1 Answer | Add Yours
This section of "Song of Myself" is a commentary on the many fallen heroes that fight battles for us in war, and never come home to the victory parades, bands and marches that are thrown in honor of returning armies. Whitman mentions how he wants to come with "cornets and...drums" to "beat and pound...and blow" not for the men who came home, not for the "victors," but for the
"slain persons...the dead...those who have fail'd...who sank in the sea...overcome heroes..."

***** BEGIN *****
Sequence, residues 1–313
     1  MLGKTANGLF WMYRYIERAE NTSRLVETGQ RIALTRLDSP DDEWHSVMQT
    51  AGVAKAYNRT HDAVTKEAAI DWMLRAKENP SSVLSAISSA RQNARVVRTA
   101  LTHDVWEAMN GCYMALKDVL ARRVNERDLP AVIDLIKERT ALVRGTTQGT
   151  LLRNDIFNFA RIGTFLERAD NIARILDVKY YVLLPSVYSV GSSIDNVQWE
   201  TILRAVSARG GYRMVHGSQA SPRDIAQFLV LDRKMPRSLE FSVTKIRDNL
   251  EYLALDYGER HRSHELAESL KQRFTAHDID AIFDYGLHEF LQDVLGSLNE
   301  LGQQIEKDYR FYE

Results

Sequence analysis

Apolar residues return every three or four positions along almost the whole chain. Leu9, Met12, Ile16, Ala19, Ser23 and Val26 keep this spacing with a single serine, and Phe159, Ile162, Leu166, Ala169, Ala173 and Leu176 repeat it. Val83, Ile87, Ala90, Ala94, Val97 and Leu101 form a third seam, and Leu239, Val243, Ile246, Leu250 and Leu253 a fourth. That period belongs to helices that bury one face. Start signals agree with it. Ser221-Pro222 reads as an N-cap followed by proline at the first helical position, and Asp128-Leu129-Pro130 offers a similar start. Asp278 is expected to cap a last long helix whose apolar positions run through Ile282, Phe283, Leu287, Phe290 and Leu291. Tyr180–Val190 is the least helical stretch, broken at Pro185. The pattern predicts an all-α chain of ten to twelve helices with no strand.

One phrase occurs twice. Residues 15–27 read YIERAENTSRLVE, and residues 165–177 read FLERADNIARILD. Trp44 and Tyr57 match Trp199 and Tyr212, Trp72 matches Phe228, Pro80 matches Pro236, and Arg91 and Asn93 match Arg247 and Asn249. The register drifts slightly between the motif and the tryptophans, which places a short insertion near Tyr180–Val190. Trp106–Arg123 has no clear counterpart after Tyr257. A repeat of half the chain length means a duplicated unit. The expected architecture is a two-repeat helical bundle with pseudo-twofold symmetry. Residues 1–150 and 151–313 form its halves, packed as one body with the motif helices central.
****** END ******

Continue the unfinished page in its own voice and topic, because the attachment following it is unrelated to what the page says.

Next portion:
What he discusses, raising the happy bands and parades for the fallen, is a poignant point to make; unfortunately, it is the fallen men and women of war who never hear the praises and accolades sung for them. The meaning of the poem can also be applied to areas outside of war; for anyone who has ever suffered failures and trials, for everyone who has struggled and had a hard fight. Whitman, a man who feels a connection to everyone in life, no matter their station or success, wants to sing the praises of all.
I hope that those thoughts helped; good luck!
We’ve answered 319,175 questions. We can answer yours, too.Ask a question